04 January 2010
A Physician Assistant (PA) is a health professional licensed by the state or credentialed by a federal employer to proactive medicine as delegated by and with the supervision of a physician. PAs provide a broad range of medical and surgical services that traditionally have been performed by physicians.
The PA works as a member of a team with his or her supervising physician as the leader of the team. PAs can meet the needs of patients in a variety of clinical settings. PAs have long been recognized as quality health care providers.
PAs perform physical exams, diagnose illnesses, develop and carry out treatment plans, order and interpret lab tests, suture lacerations, apply casts, assist in surgery, provide patient education and preventive health care counseling, and prescribe medications.
What is a PA-C?
Physician Assistant-Certified. It means that the person who holds the title has passed the certification exam developed jointly by the National Board of Medical Examiners and the National Commission on Certification of Physician Assistants (NCCPA) and is currently certified by the commission. The NCCPA is an independent organization, and its commissioners represent different national medical organizations and the PA profession. Only graduates from an accredited PA educational program are allowed to take the initial exam.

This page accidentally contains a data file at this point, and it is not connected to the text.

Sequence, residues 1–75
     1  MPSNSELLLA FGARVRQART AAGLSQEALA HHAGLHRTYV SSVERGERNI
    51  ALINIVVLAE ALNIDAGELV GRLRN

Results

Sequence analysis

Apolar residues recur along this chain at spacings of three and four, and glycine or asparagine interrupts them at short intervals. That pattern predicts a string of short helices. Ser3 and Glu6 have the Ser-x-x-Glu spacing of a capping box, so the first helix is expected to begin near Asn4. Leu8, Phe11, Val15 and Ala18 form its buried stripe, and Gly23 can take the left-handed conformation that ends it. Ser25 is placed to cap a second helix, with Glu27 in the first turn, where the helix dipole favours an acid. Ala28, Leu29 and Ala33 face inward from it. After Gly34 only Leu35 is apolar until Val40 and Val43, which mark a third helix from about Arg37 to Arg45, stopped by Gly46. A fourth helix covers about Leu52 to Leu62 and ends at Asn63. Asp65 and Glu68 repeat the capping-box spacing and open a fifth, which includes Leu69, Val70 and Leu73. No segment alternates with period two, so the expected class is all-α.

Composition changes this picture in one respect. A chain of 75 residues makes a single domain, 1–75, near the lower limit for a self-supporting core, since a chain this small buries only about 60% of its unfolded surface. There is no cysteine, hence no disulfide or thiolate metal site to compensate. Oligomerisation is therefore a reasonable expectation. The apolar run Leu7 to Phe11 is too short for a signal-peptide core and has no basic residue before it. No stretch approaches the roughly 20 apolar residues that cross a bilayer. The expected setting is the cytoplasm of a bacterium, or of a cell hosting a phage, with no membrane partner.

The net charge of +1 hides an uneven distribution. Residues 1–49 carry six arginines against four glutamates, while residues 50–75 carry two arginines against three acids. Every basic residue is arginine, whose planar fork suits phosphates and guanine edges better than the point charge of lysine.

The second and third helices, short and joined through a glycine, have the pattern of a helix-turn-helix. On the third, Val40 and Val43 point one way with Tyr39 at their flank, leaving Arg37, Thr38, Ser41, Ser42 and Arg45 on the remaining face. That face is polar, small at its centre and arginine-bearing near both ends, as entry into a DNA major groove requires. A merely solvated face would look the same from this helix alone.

What is the difference between a PA and a physician?
PAs are trained in medicine, just like physicians, and in some programs PAs attend many of the same classes as medical students. Both professions are educated to detect diseases and treat them, and to assist patients in living healthier lifestyles.
What kinds of conditions can PAs treat, and what situations require the doctor’s care?
What a PA does corresponds to the supervising physician’s practice. The cases handled by physicians are generally the more complicated medical cases or those that require care that is not routine part of the PA’s scope of work.
Supervising physicians determine which patients and what kind of illnesses they want PAs to treat. Close consultation between the patient, PA, and physician is done for unusual or hard-to-manage illnesses. PAs are taught to know when it is appropriate to have the patient seen by the physician. It is an important part of PA training.